36 A Blank Template for customizing strands GRADE: _________A blank template is available in the 2012 Amplified Standards to customize strands for your local context.The 2012 Standards include MPIs for each grade level that illustrate differentiated language expectations within one content-area and one language domainThe presented strands are only examples of language expectations and not guidelinesTeachers can look back at the 2007 Standards Edition for additional examples, or to create, innovate, transform, and customize the standards matrices to best meet the needs of their ELLsWe also invite teachers to transform the strands by swapping out elements of MPIs to customize them for their local context
37 Special Strands Integrated strands Complementary strands Expanded strandsSeveral special strands have been added to the 2012 standards framework. They each highlight certain aspects of language development.
38 Integrated StrandsShow how one unit of instruction integrates all four language domainsEncourage educators to prepare units incorporating multiple language domains and subject areasHelp students make important learning connections across disciplinesListeningSpeakingReadingWriting
40 Complementary Strands Address language used in electives, including:Music and Performing ArtsHumanitiesVisual ArtsHealth and Physical EducationTechnology and EngineeringLanguage learning occurs throughout the school day, formally and informallyThere is one complementary strand per grade level to reach a broader range of educators who work with ELLs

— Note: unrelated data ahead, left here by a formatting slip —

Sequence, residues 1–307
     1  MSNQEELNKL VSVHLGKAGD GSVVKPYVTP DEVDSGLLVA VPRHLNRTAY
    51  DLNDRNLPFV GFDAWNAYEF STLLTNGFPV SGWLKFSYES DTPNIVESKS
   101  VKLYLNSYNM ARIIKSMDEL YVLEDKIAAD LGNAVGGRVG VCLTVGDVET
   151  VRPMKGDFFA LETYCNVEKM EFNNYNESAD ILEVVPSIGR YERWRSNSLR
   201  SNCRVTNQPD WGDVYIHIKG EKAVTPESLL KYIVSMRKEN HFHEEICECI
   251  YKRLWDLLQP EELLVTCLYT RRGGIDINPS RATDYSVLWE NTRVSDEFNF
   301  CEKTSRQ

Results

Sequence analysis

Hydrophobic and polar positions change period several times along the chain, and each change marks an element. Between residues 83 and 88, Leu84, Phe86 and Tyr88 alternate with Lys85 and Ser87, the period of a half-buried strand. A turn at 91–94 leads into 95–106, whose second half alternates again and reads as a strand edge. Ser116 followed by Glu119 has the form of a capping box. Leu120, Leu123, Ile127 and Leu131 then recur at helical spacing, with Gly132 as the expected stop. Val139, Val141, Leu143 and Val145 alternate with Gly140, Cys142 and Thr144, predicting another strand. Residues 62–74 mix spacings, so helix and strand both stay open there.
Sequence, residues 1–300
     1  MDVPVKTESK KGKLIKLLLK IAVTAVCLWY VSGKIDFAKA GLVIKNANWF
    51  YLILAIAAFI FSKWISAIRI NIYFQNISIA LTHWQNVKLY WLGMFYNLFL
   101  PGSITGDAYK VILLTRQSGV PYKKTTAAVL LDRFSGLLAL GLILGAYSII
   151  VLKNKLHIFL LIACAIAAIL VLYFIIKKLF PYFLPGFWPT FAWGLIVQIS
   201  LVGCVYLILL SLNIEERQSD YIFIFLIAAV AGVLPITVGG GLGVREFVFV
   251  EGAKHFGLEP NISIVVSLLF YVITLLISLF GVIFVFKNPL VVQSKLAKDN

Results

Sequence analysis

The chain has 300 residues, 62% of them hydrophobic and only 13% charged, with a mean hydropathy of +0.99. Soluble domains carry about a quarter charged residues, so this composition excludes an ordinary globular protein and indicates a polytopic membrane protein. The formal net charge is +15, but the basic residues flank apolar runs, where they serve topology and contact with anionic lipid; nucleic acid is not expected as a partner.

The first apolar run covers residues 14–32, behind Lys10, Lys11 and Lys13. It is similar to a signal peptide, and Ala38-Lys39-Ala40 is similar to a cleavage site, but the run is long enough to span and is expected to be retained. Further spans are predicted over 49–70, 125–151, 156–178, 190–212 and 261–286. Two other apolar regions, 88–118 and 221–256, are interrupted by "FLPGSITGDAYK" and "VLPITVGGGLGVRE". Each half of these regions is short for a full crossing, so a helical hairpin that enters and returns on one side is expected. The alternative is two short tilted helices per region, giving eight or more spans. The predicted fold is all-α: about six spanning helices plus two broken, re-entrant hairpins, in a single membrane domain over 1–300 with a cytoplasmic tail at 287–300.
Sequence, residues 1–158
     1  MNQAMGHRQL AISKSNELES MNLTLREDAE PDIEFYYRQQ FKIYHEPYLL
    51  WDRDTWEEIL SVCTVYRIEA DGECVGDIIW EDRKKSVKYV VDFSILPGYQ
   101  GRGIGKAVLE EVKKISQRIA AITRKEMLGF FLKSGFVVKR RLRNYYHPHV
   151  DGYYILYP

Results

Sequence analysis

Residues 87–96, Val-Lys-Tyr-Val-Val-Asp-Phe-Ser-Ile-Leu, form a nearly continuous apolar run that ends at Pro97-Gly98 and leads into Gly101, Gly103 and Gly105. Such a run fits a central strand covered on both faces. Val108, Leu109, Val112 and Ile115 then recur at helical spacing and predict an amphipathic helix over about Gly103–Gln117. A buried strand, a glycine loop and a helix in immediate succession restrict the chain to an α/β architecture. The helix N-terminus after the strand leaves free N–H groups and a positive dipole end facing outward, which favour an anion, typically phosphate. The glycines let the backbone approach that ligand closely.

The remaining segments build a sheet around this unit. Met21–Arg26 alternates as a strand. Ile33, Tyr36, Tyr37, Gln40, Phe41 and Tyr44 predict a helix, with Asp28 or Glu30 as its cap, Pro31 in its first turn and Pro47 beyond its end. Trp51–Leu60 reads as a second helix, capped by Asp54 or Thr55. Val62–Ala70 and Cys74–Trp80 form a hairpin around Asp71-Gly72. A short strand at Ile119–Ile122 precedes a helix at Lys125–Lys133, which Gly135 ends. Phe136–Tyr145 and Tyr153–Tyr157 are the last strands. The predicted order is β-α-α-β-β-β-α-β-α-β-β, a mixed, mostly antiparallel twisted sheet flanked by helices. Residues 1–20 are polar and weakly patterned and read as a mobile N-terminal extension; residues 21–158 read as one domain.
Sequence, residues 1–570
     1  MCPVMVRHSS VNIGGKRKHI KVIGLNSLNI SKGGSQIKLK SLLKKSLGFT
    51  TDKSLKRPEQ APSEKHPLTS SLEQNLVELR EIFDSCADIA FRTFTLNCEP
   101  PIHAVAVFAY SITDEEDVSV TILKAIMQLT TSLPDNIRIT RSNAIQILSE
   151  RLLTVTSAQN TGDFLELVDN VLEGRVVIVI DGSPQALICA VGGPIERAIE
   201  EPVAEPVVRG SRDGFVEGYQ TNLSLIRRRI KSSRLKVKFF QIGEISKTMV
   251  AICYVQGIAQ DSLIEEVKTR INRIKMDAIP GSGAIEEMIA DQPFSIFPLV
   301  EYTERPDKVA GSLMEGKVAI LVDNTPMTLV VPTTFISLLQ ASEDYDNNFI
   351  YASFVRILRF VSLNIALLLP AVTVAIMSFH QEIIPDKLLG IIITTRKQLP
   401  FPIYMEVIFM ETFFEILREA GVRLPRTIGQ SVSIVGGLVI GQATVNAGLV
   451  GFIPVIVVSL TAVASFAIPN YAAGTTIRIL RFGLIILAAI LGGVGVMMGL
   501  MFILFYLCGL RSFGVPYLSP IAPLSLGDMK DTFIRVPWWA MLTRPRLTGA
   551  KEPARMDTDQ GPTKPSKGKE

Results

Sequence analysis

42 Linguistic Complexity Language Forms & Conventions Expanded Strands“Expanded” strands display the features of academic language:Provide concrete examples of language at discourse, sentence, and word/phrase levelsShow how MPIs are connected to Performance DefinitionsInform teachers’ planning and instructionLinguistic Complexity(Discourse Level)Language Forms & Conventions(Sentence Level)Vocabulary Usage(Word/Phrase Level)
43 An Expanded StrandParticipants should have a handout of an example expanded strand, this one is from p. 27 of the 2012 Amplification of the WIDA ELD Standards.
44 CAN DO DescriptorsProvide teachers with information on the language students are able to understand and produce in the classroom in within all five ELD standards.Available in both English and Spanish for the following grade-level clusters:PreK-K Grades 6-8 Grades 9-12Grade 1-2 Grades 9-12Grades 3-5One other standards-referenced resource is the CAN DO Descriptors. These are often used in interpreting the results of WIDA assessments so that teachers can see what students can do in each language domain (Listening, Speaking, Reading, Writing). They are a good first step for introducing content-area teachers and other educators to the process of language development.To download for free, go to:To preview and/or purchase full-color, laminated spiral booklets, visit our Online Store at:
45 Let’s plot Jose Carlos’ ACCESS for ELLs results on the CAN DO Descriptors:Listening 4.1Speaking 6.0Reading 5.0Writing 3.8Here’s an example of how we might use the CAN DO Descriptors to understand a score report for an example student (Jose Carlos).
46 4.1These are the bullet points within the CAN DO Descriptors showing what Jose Carlos can do in Listening and Speaking, based on what was listed on his score report.6.0
47 5.0These are the bullet points within the CAN DO Descriptors showing what Jose Carlos can do in Reading and Writing, based on what was listed on his score report.3.8